From a composition of an Alvar named Tondaradippodi, a Brahmana mentions Chaturvedins – Are strangers and without faithfulness to your service.

Tevaram – a collection of compiled and classified in the 10th century on the basis of the music of the songs of Appar, Sambandar, and Sundarar.

Bhakti in Medieval India

  • emerged due to dread put by Islam (Muslim rule) in heart of Hindu masses
    • wanted solace- bhakti brought them hope, support and inner strength
  • Islamic ideals of universal brotherhood, equality greatly attracted lower strata of society which threatened Hindu rulers
    • Brahminism based on caste-system was prominent during the Medieval period
    • reform movement to clean Hinduism of social evils started by saints, philosophers
  • people were uneasy with philosophical ideas and turned to the teachings of Buddha or Jains
    • possible to overcome social differences and break the cycle of rebirth through personal effort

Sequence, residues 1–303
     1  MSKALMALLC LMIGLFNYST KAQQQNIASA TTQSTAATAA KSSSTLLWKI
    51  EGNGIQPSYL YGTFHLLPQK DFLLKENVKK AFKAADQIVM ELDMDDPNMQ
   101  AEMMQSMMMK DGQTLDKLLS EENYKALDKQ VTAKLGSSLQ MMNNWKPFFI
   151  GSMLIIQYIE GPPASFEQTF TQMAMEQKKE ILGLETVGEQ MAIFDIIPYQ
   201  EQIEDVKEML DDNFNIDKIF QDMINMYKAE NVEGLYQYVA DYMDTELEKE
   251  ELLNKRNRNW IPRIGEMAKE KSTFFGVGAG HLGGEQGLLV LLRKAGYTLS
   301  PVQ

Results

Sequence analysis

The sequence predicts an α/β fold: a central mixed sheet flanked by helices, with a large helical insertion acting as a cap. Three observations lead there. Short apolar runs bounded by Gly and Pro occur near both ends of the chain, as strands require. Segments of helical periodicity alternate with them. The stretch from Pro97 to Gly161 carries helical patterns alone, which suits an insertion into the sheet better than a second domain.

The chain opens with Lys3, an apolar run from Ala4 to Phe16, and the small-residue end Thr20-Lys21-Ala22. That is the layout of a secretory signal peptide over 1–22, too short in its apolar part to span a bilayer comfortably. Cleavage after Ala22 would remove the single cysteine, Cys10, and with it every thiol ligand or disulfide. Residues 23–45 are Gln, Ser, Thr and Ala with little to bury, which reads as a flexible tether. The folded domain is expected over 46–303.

Sankara 8th century Kerela
  • started Hindu revivalist movement
  • advocate of Advaita- doctrine of oneness of individual soul & Supreme God which is the Ultimate Reality
  • Brahman, only Ultimate Reality, was formless (Nirgunbrahman) and without any attributes.
  • considered world to be an illusion or maya, and preached renunciation of the world
    • adoption of path of knowledge to understand true nature of Brahman salvation.
Ramanuja Chennai
  • God is Sagunabrahman
  • advocate of Vishishtadvaita- qualified oneness in that the soul, even when united with supreme God, remained distinct
  • all objects, creative process in world are real not illusory- God, soul, matter are real
    • God is inner substance and rest are his attributes
  • advocated Prabattimarga- path of self-surrender to God
    • his doctrine inspired new strand of Bhakti which developed in North India